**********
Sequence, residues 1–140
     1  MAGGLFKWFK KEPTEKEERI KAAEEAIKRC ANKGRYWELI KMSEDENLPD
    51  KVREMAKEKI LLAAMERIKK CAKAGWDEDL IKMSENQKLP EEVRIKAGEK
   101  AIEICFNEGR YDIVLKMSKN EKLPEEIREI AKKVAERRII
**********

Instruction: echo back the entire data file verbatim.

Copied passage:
Sequence, residues 1–140
     1  MAGGLFKWFK KEPTEKEERI KAAEEAIKRC ANKGRYWELI KMSEDENLPD
    51  KVREMAKEKI LLAAMERIKK CAKAGWDEDL IKMSENQKLP EEVRIKAGEK
   101  AIEICFNEGR YDIVLKMSKN EKLPEEIREI AKKVAERRII